When I was a kid, bike helmets were unknown. I didn't get hurt and none of my friends got hurt in any way that didn't heal in a few weeks. We know better now, but whenever I put on a bike helmet, I still hear that little devil on my shoulder: "It's inconvenient." "It looks dorky." "I can't feel the wind in my hair." "I can't see as well." "I know how to be careful on a bike.” “I survived childhood without a helmet--what are the odds?"
But the world has changed since I was a kid. Experience and reason won out and nowadays, most of us not only have our kids wear helmets, but we wear them ourselves.
A conversation with a very reasonable municipal clerk yesterday reminded me of bike helmets. The conversation ended well (usually does) but started the same way that 99.9% of these conversations do: with the otherwise sensible elections official reflexively running through a predictable list of objections:
- "We do pre-election tests" (they quickly realize those tests cannot catch Election-Day miscounts, when you point it out);
- "The county clerk programs our machines, not the voting-machine company" (they quickly realize setting the machine up for each election is different than programming it to count votes, when you point it out);
- "We check and double check that the machines counted the right number of ballots" (they quickly acknowledge they don't check the accuracy of the VOTE count, when you point it out.)
- "The machines are approved by the feds and by the GAB" and "We've done several recounts and always got the same result." (they quickly realize that says nothing about whether THIS machine worked right on THIS day in THIS contest, when you point it out).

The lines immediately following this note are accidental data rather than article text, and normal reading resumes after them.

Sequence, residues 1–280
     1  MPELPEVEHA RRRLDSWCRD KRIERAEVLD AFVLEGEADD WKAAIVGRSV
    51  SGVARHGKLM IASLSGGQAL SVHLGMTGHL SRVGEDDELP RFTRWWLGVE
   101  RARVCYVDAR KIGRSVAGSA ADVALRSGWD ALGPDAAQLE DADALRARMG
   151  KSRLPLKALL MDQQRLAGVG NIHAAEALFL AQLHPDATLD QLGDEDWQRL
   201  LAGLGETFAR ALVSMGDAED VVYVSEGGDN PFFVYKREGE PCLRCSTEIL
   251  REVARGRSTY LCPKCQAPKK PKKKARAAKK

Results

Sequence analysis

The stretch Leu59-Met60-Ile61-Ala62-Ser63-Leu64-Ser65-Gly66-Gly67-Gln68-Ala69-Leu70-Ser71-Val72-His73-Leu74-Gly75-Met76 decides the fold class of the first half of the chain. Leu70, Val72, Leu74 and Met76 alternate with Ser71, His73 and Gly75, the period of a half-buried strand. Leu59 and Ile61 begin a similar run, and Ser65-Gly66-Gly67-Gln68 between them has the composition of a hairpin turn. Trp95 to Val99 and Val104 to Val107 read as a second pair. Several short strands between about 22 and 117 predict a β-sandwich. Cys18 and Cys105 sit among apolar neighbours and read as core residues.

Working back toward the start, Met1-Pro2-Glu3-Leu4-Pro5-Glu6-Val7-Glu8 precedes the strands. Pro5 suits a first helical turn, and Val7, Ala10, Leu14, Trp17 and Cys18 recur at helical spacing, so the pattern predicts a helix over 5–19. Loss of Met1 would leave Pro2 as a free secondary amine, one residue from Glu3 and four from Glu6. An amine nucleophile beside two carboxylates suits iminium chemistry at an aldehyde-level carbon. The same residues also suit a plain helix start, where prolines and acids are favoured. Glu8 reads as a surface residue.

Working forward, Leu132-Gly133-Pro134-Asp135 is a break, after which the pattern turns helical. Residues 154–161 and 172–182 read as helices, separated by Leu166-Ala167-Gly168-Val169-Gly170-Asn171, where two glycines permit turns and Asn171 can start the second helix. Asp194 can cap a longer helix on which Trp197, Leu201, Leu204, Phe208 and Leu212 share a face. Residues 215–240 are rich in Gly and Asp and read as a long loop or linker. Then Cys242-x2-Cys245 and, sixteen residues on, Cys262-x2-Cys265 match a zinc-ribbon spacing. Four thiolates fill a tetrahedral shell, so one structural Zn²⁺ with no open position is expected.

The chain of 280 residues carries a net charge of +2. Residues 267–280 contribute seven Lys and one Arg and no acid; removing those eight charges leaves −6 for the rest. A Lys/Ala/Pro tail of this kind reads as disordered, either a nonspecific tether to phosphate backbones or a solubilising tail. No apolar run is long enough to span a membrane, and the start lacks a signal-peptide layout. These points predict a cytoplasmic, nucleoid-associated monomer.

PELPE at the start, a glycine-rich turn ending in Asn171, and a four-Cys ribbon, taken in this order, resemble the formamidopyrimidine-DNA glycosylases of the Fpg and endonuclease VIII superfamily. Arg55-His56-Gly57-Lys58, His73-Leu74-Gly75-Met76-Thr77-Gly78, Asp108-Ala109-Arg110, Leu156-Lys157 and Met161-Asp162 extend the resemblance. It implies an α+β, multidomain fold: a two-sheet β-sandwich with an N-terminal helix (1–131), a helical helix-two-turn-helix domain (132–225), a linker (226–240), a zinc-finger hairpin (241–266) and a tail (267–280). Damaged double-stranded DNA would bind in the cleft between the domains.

When we realize we’ve been doing something stupidly dangerous, we seem hard wired to come up with reasons why we’re immune from danger or in control of events that we know are not truly controllable. I don't know any way around this human reflex.
One place where the analogy between bike helmets and verification of voting-machine output breaks down is that miscounted elections don’t leave blood on the street. Quite the opposite: even the most surprising voting-machine output fails to arouse alarm—heck, it doesn't even arouse curiosity. For example, Eric Cantor’s legislative career can get smashed to smithereens and no one thinks even to ask whether there was an accident or crime. (To this day, no one knows. But Virginia’s voting machines were investigated and decertified the following year when an obvious problem revealed itself: The machines stopped working when people tried to download music on cell phones in the polling place.) Kids would probably still be helmetless if we had a similar blind spot and lack of interest about childhood injuries.
It’s going to take patience, lots of talking, and unfortunately a few more obvious disasters. We have to continue to spread the word about accidents that revealed themselves (like Stoughton and Medford) and explain that all accidents likely aren’t as obvious; that thieves are always trying to steal, particularly from those they know won’t notice a theft; and that we need to start to take the responsible precautions we can--soon.